The 5 has gone down in history as one of Renault’s biggest success stories. It helped redefine the compact economy car at its launch in 1972 and it stayed ahead of the competition until the early 1980s. The story was admittedly a little different in the North America, where it was re-badged LeCar for a brief and not particularly successful stint in the United States.
Replacing the 5 was a tough task for Renault. Instead going with an entirely new model, engineers elected to build upon the 5’s lines and bring them up to the standards of the 1980s. Launched in time for the 1984 model year, the car was baptized Super 5 but the plastic emblems on the hatch still read Renault 5. Its main rival was the Peugeot 205 that had all but wiped out the competition when it was introduced a year earlier.
Under the skin, the Super 5 was entirely new design fitted with a transverse engine, and it was the first Renault compact to offer a diesel engine.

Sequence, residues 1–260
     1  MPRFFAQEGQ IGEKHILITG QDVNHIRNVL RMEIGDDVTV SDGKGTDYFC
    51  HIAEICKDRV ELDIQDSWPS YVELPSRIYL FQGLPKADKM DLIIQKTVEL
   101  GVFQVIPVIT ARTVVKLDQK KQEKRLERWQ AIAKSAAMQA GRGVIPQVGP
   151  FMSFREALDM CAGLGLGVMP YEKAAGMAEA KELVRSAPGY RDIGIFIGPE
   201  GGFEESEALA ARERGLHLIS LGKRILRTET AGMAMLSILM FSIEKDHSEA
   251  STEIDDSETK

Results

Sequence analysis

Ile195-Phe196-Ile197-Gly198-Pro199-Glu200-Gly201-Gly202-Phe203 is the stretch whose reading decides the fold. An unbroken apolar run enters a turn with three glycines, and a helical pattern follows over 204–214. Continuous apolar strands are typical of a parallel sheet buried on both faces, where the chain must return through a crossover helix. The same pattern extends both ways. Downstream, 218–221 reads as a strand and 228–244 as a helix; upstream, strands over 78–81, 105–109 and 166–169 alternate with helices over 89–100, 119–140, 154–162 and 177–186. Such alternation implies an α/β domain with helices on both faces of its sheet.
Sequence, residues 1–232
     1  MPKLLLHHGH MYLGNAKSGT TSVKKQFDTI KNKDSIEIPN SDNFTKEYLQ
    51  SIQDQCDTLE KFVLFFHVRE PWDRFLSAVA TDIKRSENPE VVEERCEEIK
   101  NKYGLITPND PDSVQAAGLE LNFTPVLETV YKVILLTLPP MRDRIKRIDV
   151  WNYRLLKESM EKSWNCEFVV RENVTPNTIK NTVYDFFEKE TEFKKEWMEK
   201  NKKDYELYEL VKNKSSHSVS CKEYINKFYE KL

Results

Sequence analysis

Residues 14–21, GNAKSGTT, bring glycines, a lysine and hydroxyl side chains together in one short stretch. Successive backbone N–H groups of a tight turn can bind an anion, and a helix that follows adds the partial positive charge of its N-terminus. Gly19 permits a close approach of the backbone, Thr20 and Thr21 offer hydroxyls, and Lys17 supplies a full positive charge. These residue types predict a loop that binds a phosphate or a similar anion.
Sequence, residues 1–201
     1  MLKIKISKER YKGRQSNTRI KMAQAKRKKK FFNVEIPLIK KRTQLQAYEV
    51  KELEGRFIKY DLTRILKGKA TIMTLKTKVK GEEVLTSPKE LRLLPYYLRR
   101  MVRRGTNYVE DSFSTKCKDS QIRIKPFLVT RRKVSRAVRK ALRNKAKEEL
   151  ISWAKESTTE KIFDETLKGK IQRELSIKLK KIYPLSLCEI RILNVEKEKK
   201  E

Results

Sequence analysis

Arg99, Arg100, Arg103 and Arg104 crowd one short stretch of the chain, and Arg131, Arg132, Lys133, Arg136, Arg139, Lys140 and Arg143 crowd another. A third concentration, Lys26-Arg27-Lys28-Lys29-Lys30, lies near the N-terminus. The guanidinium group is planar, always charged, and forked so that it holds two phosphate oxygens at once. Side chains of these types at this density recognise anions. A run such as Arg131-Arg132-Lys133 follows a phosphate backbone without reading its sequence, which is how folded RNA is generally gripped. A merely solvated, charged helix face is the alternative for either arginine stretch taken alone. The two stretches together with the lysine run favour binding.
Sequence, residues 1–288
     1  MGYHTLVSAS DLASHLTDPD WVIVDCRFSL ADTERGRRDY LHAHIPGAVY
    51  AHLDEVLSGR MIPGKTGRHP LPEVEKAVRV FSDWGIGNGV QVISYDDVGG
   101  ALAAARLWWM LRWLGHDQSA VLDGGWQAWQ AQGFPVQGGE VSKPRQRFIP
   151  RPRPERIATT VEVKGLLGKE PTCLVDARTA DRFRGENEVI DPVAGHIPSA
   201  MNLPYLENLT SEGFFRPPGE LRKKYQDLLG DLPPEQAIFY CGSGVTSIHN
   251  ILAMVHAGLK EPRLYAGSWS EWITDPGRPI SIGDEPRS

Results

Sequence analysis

The 5 was the best-selling car in its home country of France when the Clio debuted in 1990. Sales took a hit, but they did not reach rock bottom like many expected and Renault kept the car around as a stop-gap model between the Twingo and the Clio. The Super 5 was finally phased out in 1997 with a limited-edition model called Bye Bye (a name introduced on the Renault 4 earlier in the decade).
Today, pre-facelift models with a plastic Renault emblem in the middle of the grille are getting harder and hard to find, especially in the U.K. As the earliest models quickly reach 30-years old, will the Renault Super 5 become sought after by collectors, or will it simply disappear like the regular 5?